Musician Punch (a.k.a. Sasha Haley Stern).

Musician Punch (a.k.a. Sasha Haley Stern).

By Michael Aushenker
She may wield a ukulele but this isn’t any Hawaiian Punch.
Singer-songwriter Sasha Haley Stern, otherwise known as “Punch,” will serve up a set of lovelorn originals, punctuated by a cover or two, when she returns to Witzend at 1717 Lincoln Blvd., Venice at 7 p.m. Saturday, Sept. 7.
“You grow up really fast but you never grow up,” Stern said of her lifelong Venice residency. Currently residing along a walk street, the 23-year-old has grown up all over the community and attended Santa Monica High School.
Stern has also lived in Marina del Rey.
“It was cool,” she said. “My friend has a boat out there.”
Nicknamed “Punch” by her dad at an early age, the raspy voiced Stern will play her DIY (do-it-yourself), punky music on a ukulele fed through distortion pedals. Her originals include “Blame It on the Moon,” “Validate Me,” “Never Quit,” and “Soul Sucker,” mostly tunes chronicling romantic turmoil – what Punch likes to call “sad songs with happy sounds.”
Stern has myriad favorites and influences, chief among them The Distillers, Muse, and Ellie Golding. She also digs hip hop acts Bone-Thugs-N-Harmony, Atmosphere, ASAP Rocky, and Kendrick Lamar; hardcore rap acts NWA, Wu-Tang Clan and Tech 9; New Wave bands such as the Smiths and The Cure; metal bands Metallica, Iron Maiden and Pantera; The Misfits, and Danzig’s solo stuff; the Cramps, the recently resurrected Bikini Kill, and Radiohead. “Blame It on the Moon,” as well as her earnest cover of Kid Cudi’s over-the-top “Pursuit of Happiness” (performed at Santa Monica’s UnUrban Café) can be screened on YouTube.
Stern laments the gentrification of parts of Venice, such as Abbot Kinney Boulevard. “There were always high-end boutiques but since the expensive restaurants and the food trucks go there, they’ve all upped their prices even more so.”
However, for those who want to find the unvarnished Venice, “if you are looking in the right places, it is easy to find,” she says. “There’s still those raw, authentic (parts of town).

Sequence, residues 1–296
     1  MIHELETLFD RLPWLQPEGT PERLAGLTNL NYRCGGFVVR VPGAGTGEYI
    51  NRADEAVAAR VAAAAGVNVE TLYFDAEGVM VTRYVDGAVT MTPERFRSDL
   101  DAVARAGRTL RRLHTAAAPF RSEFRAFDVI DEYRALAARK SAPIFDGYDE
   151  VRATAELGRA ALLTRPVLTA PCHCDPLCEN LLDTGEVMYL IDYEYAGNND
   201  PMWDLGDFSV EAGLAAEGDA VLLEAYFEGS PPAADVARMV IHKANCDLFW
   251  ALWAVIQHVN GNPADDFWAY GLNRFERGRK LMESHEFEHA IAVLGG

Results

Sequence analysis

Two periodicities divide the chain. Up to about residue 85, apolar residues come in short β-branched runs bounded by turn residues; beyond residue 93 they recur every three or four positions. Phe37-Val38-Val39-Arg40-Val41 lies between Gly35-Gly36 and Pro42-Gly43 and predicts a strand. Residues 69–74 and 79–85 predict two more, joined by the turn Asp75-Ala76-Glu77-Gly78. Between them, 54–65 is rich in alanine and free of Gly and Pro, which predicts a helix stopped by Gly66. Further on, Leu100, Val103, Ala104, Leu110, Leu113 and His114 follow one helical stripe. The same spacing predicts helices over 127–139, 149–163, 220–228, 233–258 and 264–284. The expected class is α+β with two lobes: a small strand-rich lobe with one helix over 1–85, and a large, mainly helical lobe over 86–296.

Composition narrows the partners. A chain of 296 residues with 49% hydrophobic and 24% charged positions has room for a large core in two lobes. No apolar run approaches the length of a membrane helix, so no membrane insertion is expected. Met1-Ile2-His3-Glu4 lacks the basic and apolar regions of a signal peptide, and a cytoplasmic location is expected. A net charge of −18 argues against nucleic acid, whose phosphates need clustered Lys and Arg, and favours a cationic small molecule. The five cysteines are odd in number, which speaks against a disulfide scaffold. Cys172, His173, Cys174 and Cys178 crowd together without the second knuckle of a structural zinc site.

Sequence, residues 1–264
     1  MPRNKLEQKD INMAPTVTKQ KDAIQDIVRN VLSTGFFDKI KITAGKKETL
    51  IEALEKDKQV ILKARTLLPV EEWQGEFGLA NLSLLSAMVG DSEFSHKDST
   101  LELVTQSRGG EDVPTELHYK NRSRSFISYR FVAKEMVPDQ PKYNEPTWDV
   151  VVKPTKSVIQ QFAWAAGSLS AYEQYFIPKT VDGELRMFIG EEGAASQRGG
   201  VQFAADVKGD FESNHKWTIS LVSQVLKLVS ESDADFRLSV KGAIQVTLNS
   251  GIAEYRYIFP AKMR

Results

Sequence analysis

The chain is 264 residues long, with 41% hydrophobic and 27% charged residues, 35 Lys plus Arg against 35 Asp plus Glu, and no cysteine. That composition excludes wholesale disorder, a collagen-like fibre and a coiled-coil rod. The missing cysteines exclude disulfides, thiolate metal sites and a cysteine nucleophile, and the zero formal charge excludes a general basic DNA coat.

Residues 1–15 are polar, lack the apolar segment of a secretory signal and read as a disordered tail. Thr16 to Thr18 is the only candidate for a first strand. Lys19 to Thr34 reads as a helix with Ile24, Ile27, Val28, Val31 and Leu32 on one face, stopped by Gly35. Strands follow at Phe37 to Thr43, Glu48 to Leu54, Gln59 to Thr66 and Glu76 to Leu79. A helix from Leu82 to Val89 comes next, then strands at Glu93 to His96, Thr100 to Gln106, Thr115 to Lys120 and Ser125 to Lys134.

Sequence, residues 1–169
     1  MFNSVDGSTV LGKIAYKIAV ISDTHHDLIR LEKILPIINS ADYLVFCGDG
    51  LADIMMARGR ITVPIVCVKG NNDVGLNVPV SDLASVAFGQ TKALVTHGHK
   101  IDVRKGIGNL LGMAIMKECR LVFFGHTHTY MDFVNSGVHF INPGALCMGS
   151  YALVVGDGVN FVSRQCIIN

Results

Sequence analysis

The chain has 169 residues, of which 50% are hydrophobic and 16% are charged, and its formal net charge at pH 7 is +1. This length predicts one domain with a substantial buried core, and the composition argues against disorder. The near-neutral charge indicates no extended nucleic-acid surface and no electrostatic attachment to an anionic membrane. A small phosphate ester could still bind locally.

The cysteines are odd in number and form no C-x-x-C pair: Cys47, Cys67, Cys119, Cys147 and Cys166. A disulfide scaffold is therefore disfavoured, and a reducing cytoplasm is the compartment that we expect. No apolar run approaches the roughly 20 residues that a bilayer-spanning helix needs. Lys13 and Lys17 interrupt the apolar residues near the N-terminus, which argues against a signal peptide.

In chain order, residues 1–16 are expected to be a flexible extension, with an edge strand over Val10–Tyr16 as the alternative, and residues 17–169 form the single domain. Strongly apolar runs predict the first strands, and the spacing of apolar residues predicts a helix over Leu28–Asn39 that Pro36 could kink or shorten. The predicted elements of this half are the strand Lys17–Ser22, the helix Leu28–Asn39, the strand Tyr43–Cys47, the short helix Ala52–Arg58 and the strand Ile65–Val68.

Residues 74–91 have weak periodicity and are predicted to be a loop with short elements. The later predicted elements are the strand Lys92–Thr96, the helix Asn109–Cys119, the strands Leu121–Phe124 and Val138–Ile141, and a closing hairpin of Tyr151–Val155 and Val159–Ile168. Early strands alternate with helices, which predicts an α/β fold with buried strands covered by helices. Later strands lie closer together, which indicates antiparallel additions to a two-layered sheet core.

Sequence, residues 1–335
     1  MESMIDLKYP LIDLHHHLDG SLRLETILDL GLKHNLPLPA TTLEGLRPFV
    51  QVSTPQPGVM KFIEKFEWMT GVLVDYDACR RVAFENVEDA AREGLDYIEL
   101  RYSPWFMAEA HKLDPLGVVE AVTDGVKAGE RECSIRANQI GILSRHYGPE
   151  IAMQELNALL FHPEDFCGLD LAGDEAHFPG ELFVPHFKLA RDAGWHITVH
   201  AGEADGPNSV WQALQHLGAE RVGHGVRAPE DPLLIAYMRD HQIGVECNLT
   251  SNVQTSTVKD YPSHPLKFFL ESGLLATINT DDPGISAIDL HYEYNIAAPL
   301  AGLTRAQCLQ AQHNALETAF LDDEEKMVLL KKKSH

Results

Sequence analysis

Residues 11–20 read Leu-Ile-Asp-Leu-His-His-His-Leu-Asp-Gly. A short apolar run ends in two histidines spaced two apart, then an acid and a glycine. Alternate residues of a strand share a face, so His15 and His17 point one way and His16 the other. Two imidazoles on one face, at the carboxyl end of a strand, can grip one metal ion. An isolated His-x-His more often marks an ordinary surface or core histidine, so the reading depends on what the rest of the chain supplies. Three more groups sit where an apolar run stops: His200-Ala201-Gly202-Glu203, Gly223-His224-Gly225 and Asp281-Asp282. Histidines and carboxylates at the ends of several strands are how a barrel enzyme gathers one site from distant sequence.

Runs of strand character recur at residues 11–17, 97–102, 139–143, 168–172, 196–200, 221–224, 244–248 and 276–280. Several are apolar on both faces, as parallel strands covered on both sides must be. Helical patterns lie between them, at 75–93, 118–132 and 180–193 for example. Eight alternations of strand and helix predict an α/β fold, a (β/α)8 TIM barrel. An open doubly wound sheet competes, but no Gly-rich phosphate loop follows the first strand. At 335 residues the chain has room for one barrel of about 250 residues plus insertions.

“That’s what so great about it, it’s always a different kind of spot,” Stern continued. “I can go to the boardwalk and I feel like I’ve never left the boardwalk.”
Regarding her songwriting process, Stern explained she does not take to the beach or the local coffeehouse to work on her songs.
“I love to sit in my garage,” she said. “I love to sit in my room, so I can focus. And it’s usually late at night; two or three in the morning.”
Stern praised the people running UnUrban Café on Pico Boulevard in Santa Monica.
“In L.A., it’s hard to find people with their noses that aren’t already up,” she said of the Santa Monica coffeehouse and live entertainment venue. “It’s a very comfortable place to showcase and let people know what you’re about. Everyone really cares about what you’re doing.”
UnUrban also proved very supportive when she was starting out, she says.
“They egged me on to keep playing,” she said. “I was so nervous, I couldn’t get through a set.”
Stern, who has also played West Hollywood’s Viper Room, the Bootleg near downtown, Danny’s and Santino’s in Venice, lauds the Witzend as “a comfortable spot, not too big, not too small” with terrific acoustics.
“It always sounds amazing,” she said. “You can’t really do wrong.”
She added that she eventually intends to play the main stage at House of Blues on the Sunset Strip and the legendary Troubadour in West Hollywood.
“I love festivals,” Stern said, “my ultimate goal is to play festivals.”
But for now, Stern is work-shopping her songs acoustically at venues such as UnUrban Café and Witzend while in the process of putting a full band together to back her performances. As of press time, she had not come up with a name for the outfit, with whom she will record an EP in 2014.
“This is my last acoustic show,” Punch said of her Witzend show this weekend, “and then I’m going to work with these musicians.”
Information, witzendlive.com; soundcloud.com/sashahaleystern.
Michael@ArgonautNews.com

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